Genre: Dramedy (drama with comic overtones)
Length: 59 minutes
Writer: Dave Flebotte from the William Knoedelseder book
Executive Producer: Michael Aguilar, Jim Carrey
Cast: Melissa Leo, Ari Graynor, Andrew Santino, Erik Griffin, Al Madrigal
Reviewer: Connie Wilson
With Jim Carrey as one of the Executive Producers of the serious treatment of being funny, the series delves into the inspired, damaged and complicated psyches of those who stand alone in front of an audience “dying” for fame, fortune, and, with luck, a shot at Johnny Carson’s “Tonight” show. (Carson is portrayed by actor Dylan Baker, who appeared as Colin Sweeney in “The Good Wife” episodes). The fictional group is competitive and close-knit and they are mentored by “Goldie” (Melissa Leo), a brassy comedy club owner who rules over her business with an iron fist, but also nurtures the comedians with tough love, telling them when they are “ready” for a shot at Carson. Melissa Leo refrained from mentioning Mitzi Shore in the Q&A following the showing of the pilot, saying, “I play Goldie and I have a good time with her and I just try to keep up with her.” She added that she had “gotten a call a handful of weeks before they went in” and that the part might be considered an homage to the well-known Ms. Shore, but that she, personally, was just portraying the character as scripted and would not give the name of a real person that the character might be modeled upon. The other prominent female character in the line-up of primarily male comics is played by actress Ari Graynor as Cassie Fedder, a Jewish girl from Wink, Texas. Graynor shared that she had not been a stand-up comic prior to being cast as Cassie, but all agreed that, in the writing of this drama series, “These are tortured f****** souls. It’s Johnny or nothing.” Her boyfriend (and fellow comic) of the moment onscreen, Sebastian Stan, tells her that, in comedy, “It’s the climb. It’s all about the climb.” The other principal actors in the drama, who portray fellow struggling comics, are Michael Angarano as Eddie, Clark Duke as Ron, Andrew Santino as Bill, Erik Griffin as Ralph, and Al Madrigal as Edgar. All visited Austin, along with Executive Producer Michael Aguilar, to talk shop and comedy. (Jim Carrey did not attend). Other “name” stars who have small parts in the pilot are Alfred Molina, and Robert Forster and Cathy Moriarty as the parents of one of the promising comics at the club who dies unexpectedly. (Forster was in two SXSW films playing a similar small role, the other being the Grandfather of a murdered hooker in “Small Town Crime.”)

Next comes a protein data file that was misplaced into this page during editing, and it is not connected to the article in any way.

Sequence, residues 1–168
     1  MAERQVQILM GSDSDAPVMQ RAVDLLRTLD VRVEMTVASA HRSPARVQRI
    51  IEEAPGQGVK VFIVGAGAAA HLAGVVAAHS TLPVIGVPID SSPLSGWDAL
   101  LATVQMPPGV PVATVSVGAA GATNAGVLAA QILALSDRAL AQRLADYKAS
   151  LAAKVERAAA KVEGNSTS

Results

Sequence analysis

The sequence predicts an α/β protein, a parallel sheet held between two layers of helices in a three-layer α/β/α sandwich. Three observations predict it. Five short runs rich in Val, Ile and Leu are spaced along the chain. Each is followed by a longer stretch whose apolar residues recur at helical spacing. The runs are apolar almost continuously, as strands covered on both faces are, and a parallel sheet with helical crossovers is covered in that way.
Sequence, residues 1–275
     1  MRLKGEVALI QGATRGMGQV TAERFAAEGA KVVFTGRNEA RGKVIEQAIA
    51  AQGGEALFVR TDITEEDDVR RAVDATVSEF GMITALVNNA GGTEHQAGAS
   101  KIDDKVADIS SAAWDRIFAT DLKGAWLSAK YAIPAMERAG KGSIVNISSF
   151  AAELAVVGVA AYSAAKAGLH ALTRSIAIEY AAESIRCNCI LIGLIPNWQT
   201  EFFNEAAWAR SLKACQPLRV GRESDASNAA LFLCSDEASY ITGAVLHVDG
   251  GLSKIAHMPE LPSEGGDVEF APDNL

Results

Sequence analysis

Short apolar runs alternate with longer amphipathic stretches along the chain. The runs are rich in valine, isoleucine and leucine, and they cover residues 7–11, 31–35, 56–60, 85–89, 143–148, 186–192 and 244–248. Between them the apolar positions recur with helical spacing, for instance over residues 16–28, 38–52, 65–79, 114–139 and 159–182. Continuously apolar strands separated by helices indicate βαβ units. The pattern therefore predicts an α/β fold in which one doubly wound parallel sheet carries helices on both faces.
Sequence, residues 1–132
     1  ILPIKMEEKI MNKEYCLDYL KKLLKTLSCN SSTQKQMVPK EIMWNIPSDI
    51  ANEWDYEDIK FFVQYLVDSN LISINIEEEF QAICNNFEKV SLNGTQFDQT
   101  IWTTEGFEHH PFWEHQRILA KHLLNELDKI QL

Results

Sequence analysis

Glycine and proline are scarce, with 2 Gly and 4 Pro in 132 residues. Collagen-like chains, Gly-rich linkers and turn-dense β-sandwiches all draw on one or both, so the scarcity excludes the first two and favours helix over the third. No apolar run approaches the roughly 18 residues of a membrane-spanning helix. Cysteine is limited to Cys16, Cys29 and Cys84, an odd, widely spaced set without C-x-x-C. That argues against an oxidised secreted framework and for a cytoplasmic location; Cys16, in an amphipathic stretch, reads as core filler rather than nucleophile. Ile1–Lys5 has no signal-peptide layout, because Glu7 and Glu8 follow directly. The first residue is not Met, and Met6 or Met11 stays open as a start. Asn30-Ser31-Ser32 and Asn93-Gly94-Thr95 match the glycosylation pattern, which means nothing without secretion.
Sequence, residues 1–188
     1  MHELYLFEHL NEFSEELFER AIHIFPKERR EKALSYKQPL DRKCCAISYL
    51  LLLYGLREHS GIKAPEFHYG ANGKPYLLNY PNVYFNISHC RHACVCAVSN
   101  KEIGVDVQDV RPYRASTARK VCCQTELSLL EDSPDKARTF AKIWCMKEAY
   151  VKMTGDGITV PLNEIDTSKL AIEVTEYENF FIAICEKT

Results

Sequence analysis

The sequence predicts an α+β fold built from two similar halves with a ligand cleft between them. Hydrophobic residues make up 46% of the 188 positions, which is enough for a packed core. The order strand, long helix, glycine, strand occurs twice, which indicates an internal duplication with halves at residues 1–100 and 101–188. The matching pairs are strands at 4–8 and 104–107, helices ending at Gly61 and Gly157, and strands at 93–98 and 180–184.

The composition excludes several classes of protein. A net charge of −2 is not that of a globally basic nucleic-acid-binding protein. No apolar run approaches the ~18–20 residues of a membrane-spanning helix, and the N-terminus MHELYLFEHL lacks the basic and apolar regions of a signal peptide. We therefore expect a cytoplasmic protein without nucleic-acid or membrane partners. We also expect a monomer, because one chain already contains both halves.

The time frame for the series is the seventies, so the costuming, complete with bell bottoms and paisley shirts adds flavor. Someone in the cast compared it to the now-canceled “Vinyl” with laughs.
The music is good (“You Know It Don’t Come Easy” was used at one point) and the cinematography (D.P. Remseng) was right on target. But it is the writing by head writer Dave Flebotte (not present at SXSW), who lived the life, that sets this series head and shoulders above the rest. With lines like, “You look like Flip Wilson went to Sears” (spoken to an African American comic in a suit) and other zingers, that he and the 8 or so writers that Executive Producer Michael Aguilar said contribute in the Writers’ Room, zero in on a topic that allows them to be both funny and serious.The cast, during the Q&A, also was funny while being serious, scoring comedy points while being questioned. Stand-up comic Al Madrigal (Edgar) who was contacted for his part, kept interjecting, “Again, I didn’t have to do that” as others, like Andrew Santino (Bill) who plays “a bit of a prick” explained how they had auditioned up to four times for their role. (Andrew Santino did say that, as the series goes on, “I get less dick-y. I’m less of a mean, cruel, sardonic asshole.”) Erik Griffin, who plays Ralph, said he had been doing his act at an L.A. comedy club when someone said to him, “Hey, Jim Carrey’s here.” Said Griffin, “Next day I got an audition for the part.” Griffin drew laughs by saying he could be “racially ambiguous.” Sebastian Stan makes an appearance in the pilot, but his continuation in the series is in question. It was mentioned that Stan resembles a real-life comic (Mitch Hendricks) with a similar story line as that in the pilot, and that Dave Flebotte had worked with a waiter who told him the back story of the lone African American upstart comic portrayed, who takes a job working in a church while trying to make it as a struggling comic. Executive Producer Michael Aguilar said of head writer Flebotte, “In 20 years, I’ve never worked with a better writer.” Flebotte has previously worked on “Ellen,” “Bernie Mac,” “Empire,” and “Masters & Johnson.” One recognizable face in the crowd of comics was Clark Duke, who showed up with the same hair style (long) that he wears on the show. The 32-year-old Duke is a longtime good friend of Michael Cera. In college, the two wrote, directed and starred in a web series called “Michael and Clark.” Duke has starred in both “Hot Tub Time Machine”and “Kick Ass” movies, and was given a role on “SuperBad” as a result of being onset so often to hang with good friend Cera. The Glenwood, Arkansas native also appeared in episodes of “Greek,” “Two and a Half Men,” and “Robot Chicken.”
“I’m Dying Up Here!” premieres on Showtime on Sunday, June 4th, 2017.